Machiavelli once wrote that you can conquer a people, but you can’t conquer their memories. Suppressed memories, he concluded, will only have a way of cropping up whenever they get the chance. There can hardly be a better modern example of this than the massacre of the Armenians during the First World War. Even though over 90 years has passed since Armenians living in the former Ottoman Empire were forcibly deported, and even though the memory of what happened was first suppressed and then later neglected, the past two decades have seen increasing international focus on what happened.
Most recently, the Danish Royal Library came under hefty criticism from both sides for its decision to organise an exhibition about the Armenian Genocide.
First, they were criticised by the Turkish Embassy. Then, when the library decided to allow the Turks to present their side of the story, the Armenian side protested. The decision was seen as kowtowing to Turkey and continuing the denial that lies at the heart of the dispute.
But how can something that happened over 90 years ago continue to divide two countries? And why should the Royal Library be dragged into a conflict that boils down to the Armenians’ struggle for the world to recognise what happened to them during the war – before modern Turkey even came into existence? It has happened because the question of the Armenian genocide has become a part of the global culture of memory, which over the past two decades has come to play an increasingly significant role in inter-state relations and in the relationship between minority groups and states. The question touches on not just state policies towards minorities, it also touches on foreign policy and security policy. States can improve their relations with their neighbours if they own up to past crimes. The most famous example is West Germany accepting its responsibility for crimes committed against the Jews during the Second World War, symbolised by the spontaneous gesture of humility and penance by the chancellor of West Germany, Willy Brandt, when he fell on his knees at the memorial to the victims of the 1943 Warsaw Ghetto Uprising. Other gross violations of human rights have come to define which historical signals states choose to show to the rest of the world.
The row over the Royal Library’s exhibition shows how even a small country like Denmark can get caught up in other countries’ conflicts over how a specific period of history should be interpreted. Disagreements about how the past should be interpreted can grow into a diplomatic dispute and come to determine which signals independent states show the rest of the world. The US Congress has, on more than one occasion, been close to ratifying a resolution that would recognise the Armenian Genocide, but each time pressure from Turkey has prevented this from happening.
It is actions like these that Armenian interest groups, as well as historians and other scholars, say constitute a Turkish attempt to downplay the brutal deportation of Armenians and other Christian groups. As Taner Akcam, a Turkish historian now teaching at Clark University in the US, wrote in the New York Times recently: “Turkey’s attitude towards the Armenians sends a worrying signal to the Christian minority in the region. In such an interpretation, responsibility for preserving not just Turkey’s modern history, but also its Ottoman history, needs to be seen in terms of overarching questions of security, stability and democracy in a region where continued denial of past transgressions only adds to tensions between ethnic and religious groups.”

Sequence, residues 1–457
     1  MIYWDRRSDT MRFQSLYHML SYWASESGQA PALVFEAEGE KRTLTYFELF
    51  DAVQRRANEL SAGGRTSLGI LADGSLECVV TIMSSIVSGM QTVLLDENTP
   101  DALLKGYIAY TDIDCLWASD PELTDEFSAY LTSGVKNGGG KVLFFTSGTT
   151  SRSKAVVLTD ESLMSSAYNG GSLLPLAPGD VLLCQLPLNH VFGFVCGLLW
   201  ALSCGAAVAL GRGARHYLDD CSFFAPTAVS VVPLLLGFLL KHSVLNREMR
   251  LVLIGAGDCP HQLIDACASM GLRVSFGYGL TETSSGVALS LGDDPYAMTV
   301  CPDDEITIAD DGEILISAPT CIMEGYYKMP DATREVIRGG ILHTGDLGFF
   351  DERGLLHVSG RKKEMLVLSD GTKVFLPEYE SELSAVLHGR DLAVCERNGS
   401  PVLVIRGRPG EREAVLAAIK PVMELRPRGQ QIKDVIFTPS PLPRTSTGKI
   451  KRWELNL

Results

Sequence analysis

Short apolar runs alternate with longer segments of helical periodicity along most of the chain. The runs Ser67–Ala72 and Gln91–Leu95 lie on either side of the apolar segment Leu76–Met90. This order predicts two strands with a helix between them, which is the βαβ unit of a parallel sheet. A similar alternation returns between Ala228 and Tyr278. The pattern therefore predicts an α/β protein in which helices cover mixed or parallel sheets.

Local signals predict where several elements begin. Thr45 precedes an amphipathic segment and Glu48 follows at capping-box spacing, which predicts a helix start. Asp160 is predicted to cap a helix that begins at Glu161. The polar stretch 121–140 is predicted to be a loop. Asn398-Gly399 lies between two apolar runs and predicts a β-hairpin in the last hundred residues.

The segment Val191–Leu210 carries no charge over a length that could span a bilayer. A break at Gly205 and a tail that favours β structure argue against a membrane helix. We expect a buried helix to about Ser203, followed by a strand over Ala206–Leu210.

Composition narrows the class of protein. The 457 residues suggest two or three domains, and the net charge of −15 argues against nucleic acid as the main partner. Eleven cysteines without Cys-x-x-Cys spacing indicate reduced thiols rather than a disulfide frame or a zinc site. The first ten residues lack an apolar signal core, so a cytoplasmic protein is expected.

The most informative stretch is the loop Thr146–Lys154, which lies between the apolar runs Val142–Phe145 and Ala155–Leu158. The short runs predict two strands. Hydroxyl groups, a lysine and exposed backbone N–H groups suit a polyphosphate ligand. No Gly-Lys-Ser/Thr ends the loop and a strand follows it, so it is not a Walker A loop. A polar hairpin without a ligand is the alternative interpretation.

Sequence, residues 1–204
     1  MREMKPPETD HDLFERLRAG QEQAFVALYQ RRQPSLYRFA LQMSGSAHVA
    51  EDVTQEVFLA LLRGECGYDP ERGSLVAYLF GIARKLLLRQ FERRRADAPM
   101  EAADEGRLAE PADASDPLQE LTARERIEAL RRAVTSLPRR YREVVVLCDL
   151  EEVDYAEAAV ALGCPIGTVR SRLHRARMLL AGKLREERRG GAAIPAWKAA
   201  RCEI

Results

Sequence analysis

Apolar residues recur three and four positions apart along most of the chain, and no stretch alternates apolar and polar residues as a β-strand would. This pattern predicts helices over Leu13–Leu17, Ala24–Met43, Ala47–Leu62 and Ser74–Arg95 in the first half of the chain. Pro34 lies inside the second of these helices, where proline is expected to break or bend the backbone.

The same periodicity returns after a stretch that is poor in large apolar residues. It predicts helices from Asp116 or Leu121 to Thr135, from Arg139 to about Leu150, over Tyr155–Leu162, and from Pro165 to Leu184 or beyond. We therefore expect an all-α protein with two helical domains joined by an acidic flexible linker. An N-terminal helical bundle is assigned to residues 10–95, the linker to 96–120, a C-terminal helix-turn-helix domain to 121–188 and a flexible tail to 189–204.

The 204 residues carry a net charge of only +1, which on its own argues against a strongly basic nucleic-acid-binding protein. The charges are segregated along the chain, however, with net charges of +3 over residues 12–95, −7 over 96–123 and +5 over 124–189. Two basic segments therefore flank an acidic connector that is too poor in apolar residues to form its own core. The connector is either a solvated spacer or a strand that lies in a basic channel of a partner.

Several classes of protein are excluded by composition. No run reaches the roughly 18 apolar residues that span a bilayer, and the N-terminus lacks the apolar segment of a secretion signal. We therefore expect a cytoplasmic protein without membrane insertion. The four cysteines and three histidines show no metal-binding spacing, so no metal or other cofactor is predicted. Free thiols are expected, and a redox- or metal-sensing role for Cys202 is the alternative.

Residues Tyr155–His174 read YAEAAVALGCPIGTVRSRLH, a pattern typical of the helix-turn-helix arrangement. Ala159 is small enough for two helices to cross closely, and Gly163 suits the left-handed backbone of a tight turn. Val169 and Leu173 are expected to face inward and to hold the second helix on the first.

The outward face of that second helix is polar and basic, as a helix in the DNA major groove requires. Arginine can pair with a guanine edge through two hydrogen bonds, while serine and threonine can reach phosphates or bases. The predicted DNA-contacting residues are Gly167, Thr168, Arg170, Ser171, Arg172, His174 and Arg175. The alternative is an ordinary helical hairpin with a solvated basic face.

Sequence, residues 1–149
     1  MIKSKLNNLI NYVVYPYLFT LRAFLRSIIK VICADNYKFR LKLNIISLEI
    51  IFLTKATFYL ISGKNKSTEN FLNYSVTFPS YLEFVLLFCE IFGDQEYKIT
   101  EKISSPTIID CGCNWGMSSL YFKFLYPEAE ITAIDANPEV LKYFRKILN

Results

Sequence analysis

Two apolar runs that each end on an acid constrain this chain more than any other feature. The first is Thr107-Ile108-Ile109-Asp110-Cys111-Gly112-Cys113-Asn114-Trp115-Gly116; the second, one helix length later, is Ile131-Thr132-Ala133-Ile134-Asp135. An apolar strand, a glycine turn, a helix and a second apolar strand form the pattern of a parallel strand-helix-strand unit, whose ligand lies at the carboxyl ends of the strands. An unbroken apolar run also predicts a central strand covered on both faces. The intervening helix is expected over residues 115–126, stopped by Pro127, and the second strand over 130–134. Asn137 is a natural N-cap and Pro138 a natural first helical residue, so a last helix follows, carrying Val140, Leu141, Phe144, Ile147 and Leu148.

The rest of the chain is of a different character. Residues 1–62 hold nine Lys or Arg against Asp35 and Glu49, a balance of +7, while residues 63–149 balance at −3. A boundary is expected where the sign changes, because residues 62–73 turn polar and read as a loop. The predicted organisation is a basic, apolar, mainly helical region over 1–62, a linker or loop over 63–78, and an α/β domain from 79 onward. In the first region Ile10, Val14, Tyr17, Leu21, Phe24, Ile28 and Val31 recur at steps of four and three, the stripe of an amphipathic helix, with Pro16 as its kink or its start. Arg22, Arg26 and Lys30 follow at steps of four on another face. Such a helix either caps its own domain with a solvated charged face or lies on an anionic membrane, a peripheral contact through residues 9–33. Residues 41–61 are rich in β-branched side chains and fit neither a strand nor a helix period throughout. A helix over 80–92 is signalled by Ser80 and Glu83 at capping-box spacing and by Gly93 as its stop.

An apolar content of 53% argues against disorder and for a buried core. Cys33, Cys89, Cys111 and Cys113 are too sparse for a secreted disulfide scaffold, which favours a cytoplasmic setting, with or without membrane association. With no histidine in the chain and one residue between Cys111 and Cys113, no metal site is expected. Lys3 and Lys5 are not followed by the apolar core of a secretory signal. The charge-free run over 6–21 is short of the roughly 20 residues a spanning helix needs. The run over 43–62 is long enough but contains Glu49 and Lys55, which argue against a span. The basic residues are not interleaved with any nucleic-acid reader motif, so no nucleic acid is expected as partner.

Akcam’s views can also be seen as part of another trend in this global culture of memory; it is expected that countries will own up to their pasts the way Germany did. Germany has admitted its historical guilt and has set the standard for how other states should act when faced with a problematic past.
Nowadays, we expect that a state admits its guilt, atones for its transgressions and compensates its victims. This is precisely what Turkey is fighting against. Turkey does not believe it is responsible for crimes committed by the Ottoman Empire during the First World War. Nor does it see itself as having done something comparable to Germany or that it needs to atone for anything or compensate anyone. As long as there is an expectation that Turkey will face up to its violent past, Turkey will continue to resist international pressure to recognise the genocide.
However, letting Turkey present its version of the massacre of the Armenians will not contribute to the process being carried out by European and American historians to draw up a modern picture of the Armenian Genocide. The Armenians will feel Denmark has bowed to Turkish pressure. Instead, the library should support the efforts of historians to place the Armenian Genocide in a historical context together with other religiously motivated violence that arose as a result of the decline of the Ottoman Empire. Doing so would move the discussion away from the difficult issue of whether or not it was genocide and towards historical research and documentation, for the benefit of everyone involved.
Memory is the way we recall what happened in the past. History is what makes us wiser about it.
The author is the head of the Danish Institute for International Studies’ holocaust and genocide research unit